Legislature(2017 - 2018)BUTROVICH 205
02/20/2018 03:30 PM STATE AFFAIRS
Note: the audio and video recordings are distinct records and are obtained from different sources. As such there may be key differences between the two. The audio recordings are captured by our records offices as the official record of the meeting and will have more accurate timestamps. Use the icons to switch between them.
Download Mp3. <- Right click and save file as
Download Video part 1. <- Right click and save file as
* first hearing in first committee of referral
= bill was previously heard/scheduled
= bill was previously heard/scheduled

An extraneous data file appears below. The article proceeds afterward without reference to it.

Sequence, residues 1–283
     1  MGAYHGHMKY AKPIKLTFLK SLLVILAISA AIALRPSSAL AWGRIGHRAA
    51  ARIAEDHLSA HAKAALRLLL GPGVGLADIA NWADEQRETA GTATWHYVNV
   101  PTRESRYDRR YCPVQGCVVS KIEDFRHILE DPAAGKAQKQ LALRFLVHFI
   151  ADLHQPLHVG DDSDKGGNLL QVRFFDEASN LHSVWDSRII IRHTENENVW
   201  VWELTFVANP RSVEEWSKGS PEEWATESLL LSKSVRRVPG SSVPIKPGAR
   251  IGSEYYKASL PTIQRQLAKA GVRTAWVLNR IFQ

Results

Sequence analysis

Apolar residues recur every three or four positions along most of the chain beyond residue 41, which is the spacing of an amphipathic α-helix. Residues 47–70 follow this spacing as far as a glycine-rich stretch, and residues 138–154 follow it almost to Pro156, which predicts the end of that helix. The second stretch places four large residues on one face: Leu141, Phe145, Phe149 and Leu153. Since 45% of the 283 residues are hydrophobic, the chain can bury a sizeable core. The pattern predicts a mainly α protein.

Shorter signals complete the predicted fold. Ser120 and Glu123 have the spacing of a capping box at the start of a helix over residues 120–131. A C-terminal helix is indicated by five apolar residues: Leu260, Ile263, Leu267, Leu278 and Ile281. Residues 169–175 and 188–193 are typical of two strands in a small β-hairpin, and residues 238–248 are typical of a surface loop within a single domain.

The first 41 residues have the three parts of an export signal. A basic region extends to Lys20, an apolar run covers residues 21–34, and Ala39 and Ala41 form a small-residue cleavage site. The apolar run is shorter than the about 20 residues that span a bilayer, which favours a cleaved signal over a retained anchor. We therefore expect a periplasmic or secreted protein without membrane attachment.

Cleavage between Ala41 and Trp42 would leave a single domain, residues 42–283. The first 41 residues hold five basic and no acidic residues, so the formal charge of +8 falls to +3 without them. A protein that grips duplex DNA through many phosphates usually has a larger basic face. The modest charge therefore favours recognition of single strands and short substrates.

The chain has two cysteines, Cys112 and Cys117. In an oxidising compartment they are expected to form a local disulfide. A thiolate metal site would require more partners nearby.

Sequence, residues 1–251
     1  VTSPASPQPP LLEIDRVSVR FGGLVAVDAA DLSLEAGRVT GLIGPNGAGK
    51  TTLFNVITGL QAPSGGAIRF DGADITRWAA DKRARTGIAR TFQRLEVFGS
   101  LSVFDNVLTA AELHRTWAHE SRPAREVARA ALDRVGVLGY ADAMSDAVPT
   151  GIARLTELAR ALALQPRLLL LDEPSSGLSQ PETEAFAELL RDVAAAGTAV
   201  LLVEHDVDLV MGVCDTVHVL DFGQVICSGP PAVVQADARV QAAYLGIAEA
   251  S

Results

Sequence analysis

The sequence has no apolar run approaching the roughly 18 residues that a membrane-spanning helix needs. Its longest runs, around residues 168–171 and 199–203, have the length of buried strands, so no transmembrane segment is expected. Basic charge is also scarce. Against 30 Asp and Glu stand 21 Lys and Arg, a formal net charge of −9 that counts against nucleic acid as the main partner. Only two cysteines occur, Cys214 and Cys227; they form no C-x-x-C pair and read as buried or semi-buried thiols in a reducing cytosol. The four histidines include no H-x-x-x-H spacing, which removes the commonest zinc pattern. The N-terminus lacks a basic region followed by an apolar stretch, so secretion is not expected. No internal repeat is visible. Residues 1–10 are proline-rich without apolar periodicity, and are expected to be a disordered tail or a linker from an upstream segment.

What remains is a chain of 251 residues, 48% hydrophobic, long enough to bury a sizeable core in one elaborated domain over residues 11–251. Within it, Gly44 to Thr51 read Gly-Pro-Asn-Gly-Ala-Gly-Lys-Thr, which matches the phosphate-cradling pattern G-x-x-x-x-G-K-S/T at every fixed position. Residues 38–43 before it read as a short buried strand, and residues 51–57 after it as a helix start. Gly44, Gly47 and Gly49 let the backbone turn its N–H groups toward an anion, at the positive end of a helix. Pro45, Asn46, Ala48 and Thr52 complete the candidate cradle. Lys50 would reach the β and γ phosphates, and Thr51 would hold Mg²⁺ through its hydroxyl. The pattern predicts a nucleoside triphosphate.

HB 87-CONFLICT OF INTEREST: BD FISHERIES/GAME 3:56:47 PM CHAIR MEYER announced the consideration of House Bill 87 (HB 87). [CSHB 87(FSH) was before the committee.] 3:57:22 PM REPRESENTATIVE LOUISE STUTES, Alaska State Legislature, Juneau, Alaska, sponsor of HB 87, summarized that the bill strictly pertains to conflict of interest for the Alaska Board of Fisheries (Board of Fish) and the Alaska Board of Game (Board of Game). She detailed as follows: The reason for this bill is currently when you are sitting on, particularly on the Board of Fish, the Board of Game doesn't seem to be quite as stringent although they live under the same statute as the Board of Fish does. When you are sitting on the Board of Fish if you have a conflict you certainly are conflicted-out from voting on it, but you are conflicted-out from the discussion as well; in having experts on this board it seems a little odd to exclude them from the conversation when that's what they are there for. Consequently, this bill's intent is to allow the individuals to participate if they have a conflict and to allow them to participate in the discussion even though they may not have the opportunity to vote on the bill. 3:59:05 PM MATT GRUENING, Staff, Representative Stutes, Alaska State Legislature, Juneau, Alaska, provided an overview of HB 87 as follows: The intent of HB 87 is to change the manner on which the Board of Fisheries and the Board of Game function, to allow members to deliberate on subjects of which they have declared a personal or financial interest according the Executive Branch Ethics Act. The Ethics Act forbids a public officer from taking or withholding official action in order to affect a matter in which the member has a personal or financial interest. Official action is then defined to mean advise, participation, assistance; including for example, a recommendation, decision, approval, disapproval, vote or similar action. Currently the board members are required to divulge a conflict of interest if they or their immediate families are involved in a subject being deliberated on. The conflicted member could then no longer offer their input in the process and cannot vote on the matter at hand; in fact, they are asked to step down and join the audience. This bill allows conflicted members to offer remarks and input, but the members still cannot vote on the issue. The member is also precluded from voting on whether they have a conflict of interest or not, that is determined by the ethics officer who is the chairman and then if there is an objection it goes to a vote of the board. The qualifications for the appointment to the Board of Fisheries and the Board of Game are quite different and more general from most boards. Instead of being chosen because they are professionals in their fields, members are selected on the basis of interest in the public affairs, good judgement, knowledge, and the ability of field of action of the board and with the view to providing a diversity of interest and points of view on membership. One of the things we are looking at is that somebody might have a different point of view because of their knowledge, because it is essentially a layman's board, and you might only have a couple of people that own a certain particular type of permit or work in lodge, they might have some perspective on the nuances of fishing that other members of the board might not have and thus their knowledge and expertise is actually of great use. In addition, many of the other boards are tied to licenses, they are exempt, many of the boards from certain requirements in the ethics act. So, this is a board that deals with licenses as well and it's one of the boards that you are not allowed to deliberate and in some cases the boards are actually allowed to vote; so, this makes a lot of sense from our perspective from the fact that you possibly have very few amounts of expert viewpoints on what is being discussed. Often in fishing a financial interest is tied to knowledge of the field. Fishing issues tend to be very complicated and knowledge based. A person who may have an uncle, aunt, brother who has a certain type of fishing permit or has a fishing permit themselves might be the only person on the board who understands exactly what is being discussed in detail, particularly in rural Alaska where entire families might be permit holders or lodge owners. The current conflict policy is discouraging in some instances qualified members from applying to the board on the basis of them knowing they would be conflicted-out of the discussion in a lot of cases. Another issue is one of public process and public trust. Board members who are conflicted-out are still actually offering their input, but they are doing it outside of the meeting and they are doing it discussing on the side with other board members; in order to maintain the public's trust, we really believe these discussions should be happening in the meeting and on the public record so there's that aspect to it as well is it really improves the public process, it seems prudent to allow members with expertise and knowledge to offer their input, but not vote. It is the sponsor's opinion that this change will help the boards make more informed decisions, enhance the public process and lead to a generally stronger resource management statewide. I will say that in a full disclosure I would like to point out that due to recent staff turnover, we discovered last week that there may be some unintended consequences with the bill the way it is currently drafted. Unfortunately due to the personal bill deadline we were unable to fix the draft fixes in time but also aside from that we thought it was the prudent action to present our intent to the committee, point out the issues that might need to be addressed, and let the will of the chair and the committee decide what changes if any need to be made to the bill. 4:03:26 PM MR. GRUENING directed attention to a legal memo from Linda M. Bruce, Legislative Counsel, Legal Services, dated February 9, 2017. He explained that the memo was debated at length and to the satisfaction of the House Resources Committee that there was not an issue. He said after discussions with Legal Services and the Board of Fish, Representative Stutes' office concluded that clarification is needed in the bill's intent language. He detailed as follows: What the memo says essentially is that the use of the words "notwithstanding any other provision" of this chapter at the beginning of the bill could have the effect and it is not clear whether it does or doesn't, but it seems like an easy fix of superseding AS 39.52.120(c), which in turn would supersede AS 39.52.220. That essentially is "the nuts and bolts and the meat" of the process by which you'd declare a conflict, how a conflict is determined, who the ethics officer is, and how the voting can be determined, and whether you can still vote or deliberate or not; that certainly was not our intent, our intent was simply to allow the use of the current process when declaring and determining a conflict of interest and the only thing that the sponsor would like to change is essentially what was voted on throughout the process too is that if there is a conflict that the conflicted member can deliberate but not vote. We were not looking at in any way to inadvertently affect the current process by which the conflict is determined, that seems to be working well and it's well established in statute. 4:05:49 PM MR. GRUENING called attention to a memo from Glenn Haight regarding "Background Information on the Alaska Boards of Game and Fisheries Ethics Act Process." He summarized that Mr. Haight also said clarification is needed to get to the intent, specifically what the bill addressed. He added that the bill also narrows the definition of "immediate family member" for the purposes of debate, not voting. He conceded that an unintended interpretation may imply that the bill will supersede AS 39.52.220 for the ability to vote; he said the sponsor will look to the will of the chair and the committee to decide if that change is appropriate. He summarized that the bill's intent is to allow conflicted members under the current system to deliberate but not allow the ability to vote. He noted that he spoke with Legislative Legal and was told that a simple fix could be made. REPRESENTATIVE STUTES asserted that the intent is to make the language clear cut and easily understood. She reiterated that the intent is to allow conflicted-out board members to participate in the discussion and impart their knowledge but not be allowed to vote. She said not allowing somebody to share their expertise seemed odd. CHAIR MEYER asked why Representative Stutes does not want board members to vote. He opined that the governor probably selected the board members because of their expertise. REPRESENTATIVE STUTES replied that the issue the boards are trying to avoid, particularly in fisheries, is that an individual can be affected monetarily. She reiterated that the intent is to allow a board member to put forth their expertise but let others vote. 4:09:56 PM CHAIR MEYER asked what the financial hurdle is for a conflict of interest. MR. GRUENING replied the financial hurdle is $5,000 according to AS 39.52.110(d). He disclosed that the statute was proposed by Hollis French, former state senator. SENATOR GIESSEL asked if the memo from Glenn Haight stated that the current procedure followed by the boards complies with the Executive Branch Ethics Act. MR. GRUENING answered correct. SENATOR GIESSEL asked if the Executive Branch Ethics Act states that a person who is conflicted-out cannot participate in the debate or vote. MR. GRUENING answered correct. SENATOR GIESSEL asked if the bill proposes to tweak the Executive Branch Ethics Act only for the Board of Fish and the Board of Game. MR. GRUENING answered correct. He said the qualifications for the boards is very general and reiterated that an individual with intricate knowledge might not be allowed to provide important input in making decisions. 4:12:20 PM SENATOR GIESSEL noted her experience with serving on a professional regulatory board and pointed out the specialization in the Board of Fish and Board of Game. She opined that the requested change seems very logical. REPRESENTATIVE STUTES referenced a situation that occurred in Kodiak several years ago with the Board of Fish where an individual was conflict-out and the individual's input would have made a difference in the board's vote. MR. GRUENING disclosed that the current chairman for the Board of Fish, John Jensen from Petersburg, was recently conflicted- out of 50 different proposals where he was not allowed to deliberate. SENATOR GIESSEL pointed out that the Senate Resources Committee interviews applicants for the Board of Fish and the Board of Game and noted that the committee votes on appointees based on their expertise. She said she appreciated that the bill was brought forward. CHAIR MEYER asked what occurs if someone does not declare a conflict of interest. 4:15:11 PM GLENN HAIGHT, Executive Director, Alaska Board of Fisheries, Juneau, Alaska, speculated that if the board passes something where a conflict was not declared that the board's decision would be voidable based on reconsideration. 4:16:03 PM BRADLEY MEYEN, Assistant Attorney General, Civil Division, Natural Resources Section, Alaska Department of Law, Anchorage, Alaska, addressed Chair Meyer's question regarding not declaring a conflict of interest as follows: To the extent that a matter would take place where there was a situation where someone had failed to properly declare a conflict I would need to check it out further but I would agree that my initial response is that it would be a voidable action; however, I would like to add that the board members take these matters very seriously and they explore their potential conflicts and they do so with further discussions including discussions with the Department of Law to run through the specific items that are in the ethics act to avoid those types of problems from even occurring. SENATOR GIESSEL asked if making an exception to the Executive Branch Ethics Act would result in a legal problem. MR. MEYEN referenced page 5 from Mr. Haight's April 12, 2017 memorandum where the Department of Laws' concerns were encapsulated. He noted that DOL's concerns actually called for clarifications so that the change would be consistent with the Executive Branch Ethics Act. 4:18:21 PM MR. GRUENING referenced AS 39.52.310 through AS 39.52.330 regarding complaints and the process by which the attorney general or person may initiate a complaint in addition to the process for a possible hearing. MR. HAIGHT asserted that the bill's intent is clear and implementation for the Board of Fisheries or the Board of Game would be simple. 4:20:27 PM CHAIR MEYER opened public testimony. 4:21:00 PM JERRY MCCUNE, President, United Fishermen of Alaska, Juneau, Alaska, testified in support of HB 87. He said not allowing a conflicted-out board member with expertise to answer questions is frustrating. 4:24:45 PM CHAIR MEYER asked what happens when a board member is conflicted-out, if the remaining members have access to experts during their meetings to answer questions. MR. MCCUNE explained that staff members from the Department of Fish and Game attend board meetings, but typically the board does not ask questions during the deliberation stage. 4:26:08 PM FRANCES LEACH, Executive Director, United Fishermen of Alaska (UFA), Juneau, Alaska, testified in support of HB 87. She said what good is expertise when a board is not allowed to use it. She confirmed that Board of Fish members are open, honest and extremely transparent when dealing with the conflict of interest process. She affirmed that conflicted-out board members should not be allowed to vote, but UFA believes that conflicted-out board members should be able to deliberate and discuss proposals on the record to help clarify and provide an insight into a fishery. She said she has seen board members struggle to decide when a conflicted-out member would have provided an answer. She summarized that muting a board member's voice undermines one's strength on a board, especially the ability to offer insight on a specific fishery. 4:30:54 PM CHAIR MEYER concurred with Ms. Leach that the conflicted-out members were picked because of their expertise and opined that they should be allowed to vote as well. SENATOR GIESSEL agreed with Chair Meyer on allowing voting as other regulatory boards do. 4:32:23 PM JULIANNE CURRY, representing self, Petersburg, Alaska, testified in support of HB 87. She agreed with the common-sense legislation to allow conflicted-out members with valuable expertise to deliberate. She asserted that Alaska's fisheries are much too complex to restrict board members' expertise. She added that she also supported further defining the "immediate family member" definition. 4:33:34 PM MALCOLM MILNE, President, North Pacific Fisheries Association, Homer, Alaska, testified in support of HB 87. He said finding qualified members to serve on the state boards can be challenging and limiting participation can hamper information. He set forth that allowing conflicted board members to deliberate adds expertise. He said keeping the conflict to immediate family members is appropriate. 4:34:59 PM MATT ALWARD, representing self, Homer, Alaska, testified in support of HB 87. He asserted that changing the conflict standards to "immediate family members" is reasonable and responsible. He agreed that conflicted board members should not have a vote, but to bar the members from the conversation goes too far, especially for the subject-matter experts. 4:35:59 PM CHAIR MEYER closed public testimony. SENATOR GIESSEL agreed with previous testimony that board members are highly scrutinized and keep their ethics level very high simply because of the public scrutiny. She said what Representative Stutes is proposing is important for the committee to consider. She added that she would like to hear from Representative Stutes on how she would perfect the bill. CHAIR MEYER concurred that board members are closely scrutinized and watched. He asked Representative Stutes if she had suggested changes for the bill. 4:37:44 PM REPRESENTATIVE STUTES said her office is going to clarify the language in the bill so there is no misconception in the intent which is to allow board members that are conflicted-out to participate in the discussion without obtaining a vote. CHAIR MEYER asked if there has been a discussion with the Board of Game regarding the proposed changes for the bill. MR. GRUENING said the director for the Board of Game was unable to testify but in previous testimony said the board has taken a neutral position. CHAIR MEYER suggested that Representative Stutes provide his office with her proposed changes for presenting a committee substitute. REPRESENTATIVE STUTES agree to do so. 4:39:34 PM CHAIR MEYER held HB 87 in committee.